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How to Save a Rally When the Communication System Fails

Photos via: David Cosseboom


Typically when people say anything can happen in rally they’re referring to mechanical issues, offs, or miraculous drives to move up in position. Last weekend at the Southern Ohio Forest Rally, however, organizers had to deal with the “anything” happening to their communications system.


The SOFR committee, ARA event organizers, and rally volunteers got a difficult challenge thrown their way early on Saturday morning when, as the cars were leaving for their first loop of stages, radio communications were not connecting across some of the control points.


Cars had to transit SS4-5 while all hands were on deck to find out what was going on. SS6, which still had radio communication was ran.



The problem, according to Brent Short, assistant Chairman of the SOFR was when the high-powered repeater they were using went down.


“We purchased a very expensive repeater for our event this year to try and improve our communications,” he said. “Unfortunately that repeater failed.”


“(As of Monday morning) we do not know if there was a manufacturer defect or exactly what the issue was that caused us to lose communication.”


What caused the outage at this phase was not important at this point, what was keeping the event going in a safe manner.


While things were looking up going into the next loop, as cars transited out of service to SS7 things took a turn for the worse, net control lost all radio communication with stages.



Cars got to SS7 and were unable to start, and without radio communication, RallySafe was used to push a message out to all cars to return to service.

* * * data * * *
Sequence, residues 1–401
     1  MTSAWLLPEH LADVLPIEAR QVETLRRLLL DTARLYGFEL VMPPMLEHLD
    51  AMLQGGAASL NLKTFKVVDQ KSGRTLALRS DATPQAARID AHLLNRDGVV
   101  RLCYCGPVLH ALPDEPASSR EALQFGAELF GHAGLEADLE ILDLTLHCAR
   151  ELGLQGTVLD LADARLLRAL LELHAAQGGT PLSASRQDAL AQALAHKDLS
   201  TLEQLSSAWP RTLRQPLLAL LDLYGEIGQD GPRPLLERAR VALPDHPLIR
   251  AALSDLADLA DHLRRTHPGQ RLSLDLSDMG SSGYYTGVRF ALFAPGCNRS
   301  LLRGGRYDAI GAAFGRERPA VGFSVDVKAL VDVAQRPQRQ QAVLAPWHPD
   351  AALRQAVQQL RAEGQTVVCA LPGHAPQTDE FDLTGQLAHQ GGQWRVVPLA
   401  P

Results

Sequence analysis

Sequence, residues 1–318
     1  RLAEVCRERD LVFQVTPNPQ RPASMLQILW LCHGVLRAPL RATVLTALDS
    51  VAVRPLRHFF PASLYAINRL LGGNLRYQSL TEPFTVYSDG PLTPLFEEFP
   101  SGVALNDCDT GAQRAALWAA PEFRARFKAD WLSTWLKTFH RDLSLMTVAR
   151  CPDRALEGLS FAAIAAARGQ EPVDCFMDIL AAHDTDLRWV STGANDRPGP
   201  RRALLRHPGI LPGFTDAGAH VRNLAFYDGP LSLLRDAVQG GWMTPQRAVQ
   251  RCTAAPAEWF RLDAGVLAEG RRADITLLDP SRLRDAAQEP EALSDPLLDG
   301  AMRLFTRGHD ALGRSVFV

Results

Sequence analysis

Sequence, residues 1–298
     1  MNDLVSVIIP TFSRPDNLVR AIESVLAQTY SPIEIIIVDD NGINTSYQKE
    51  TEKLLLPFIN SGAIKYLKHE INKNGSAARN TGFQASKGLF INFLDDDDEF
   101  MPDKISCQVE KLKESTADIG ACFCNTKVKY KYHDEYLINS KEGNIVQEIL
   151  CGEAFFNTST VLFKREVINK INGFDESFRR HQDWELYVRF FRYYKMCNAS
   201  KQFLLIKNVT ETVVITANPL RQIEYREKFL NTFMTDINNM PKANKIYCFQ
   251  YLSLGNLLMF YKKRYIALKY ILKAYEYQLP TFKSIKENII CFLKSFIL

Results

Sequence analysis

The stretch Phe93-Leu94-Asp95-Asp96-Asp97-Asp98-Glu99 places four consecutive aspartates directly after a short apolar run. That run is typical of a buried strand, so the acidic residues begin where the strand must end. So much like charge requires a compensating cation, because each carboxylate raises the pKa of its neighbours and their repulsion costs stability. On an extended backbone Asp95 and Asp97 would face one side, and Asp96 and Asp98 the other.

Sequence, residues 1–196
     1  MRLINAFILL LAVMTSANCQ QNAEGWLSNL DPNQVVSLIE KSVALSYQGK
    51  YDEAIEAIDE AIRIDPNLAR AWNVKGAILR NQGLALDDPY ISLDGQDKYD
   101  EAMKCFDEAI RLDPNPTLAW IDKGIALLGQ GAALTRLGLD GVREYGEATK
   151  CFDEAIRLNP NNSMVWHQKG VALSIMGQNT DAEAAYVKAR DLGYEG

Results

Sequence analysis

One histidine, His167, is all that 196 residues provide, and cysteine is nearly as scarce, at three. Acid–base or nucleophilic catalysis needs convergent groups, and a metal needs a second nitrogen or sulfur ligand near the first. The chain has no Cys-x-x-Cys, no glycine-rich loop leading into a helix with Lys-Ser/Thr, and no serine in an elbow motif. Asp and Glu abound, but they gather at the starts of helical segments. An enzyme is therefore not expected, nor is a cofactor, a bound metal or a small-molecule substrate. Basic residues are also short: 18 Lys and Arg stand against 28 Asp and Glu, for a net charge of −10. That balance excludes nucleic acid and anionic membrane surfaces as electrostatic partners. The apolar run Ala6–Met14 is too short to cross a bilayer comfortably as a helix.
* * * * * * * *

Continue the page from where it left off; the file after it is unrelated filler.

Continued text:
A plan was in place, set up a relay network, and adjust stages to where all areas would have clear radio communication.


Short continues, “Our Chairman Jeremiah Johnson, Clerk of Course Justin Pritchard and other volunteers jumped into action after Stage 7 was transited and the decision was made to return everyone to service to resolve the issue for good.”



“These committee members and volunteers went out in their personal vehicles with HAM radios and worked as relays between the start/finish and Net Control. They really saved the day.”


While it’s obviously a disappointment to all to have so many stages cut from the rally, the dedicated work and quick thinking from all of the event runners helped save the day in time for two more loops of the same three stages to be run, totaling close to 80 stage miles for the weekend.


Not bad considering the circumstances.


While teams were waiting, drivers were able to make the best of the time by engaging with fans who were waiting outside of their favorite drivers' service areas.



Shortly after 4:00 PM cars were prepped and sent out for the start of what would be considered SS10. The rest of the day would be run on what was to be the morning loop to keep from having to re-establish radio communication elsewhere.


Other than the end of the last stage in the loop being moved up a couple miles to a spot with better radio reception on the relay network, the rest of the event was able to continue without issue.


“I want to thank Preston Osborn, Rob Bohn, the ARA Stewards and the entire ARA team at the event for jumping into action and helping us get back to rallying as well,” Short added.


“We will learn from what happened and come back next year better. We promise we will make it up to our fans, competitors, teams and volunteers next year!”

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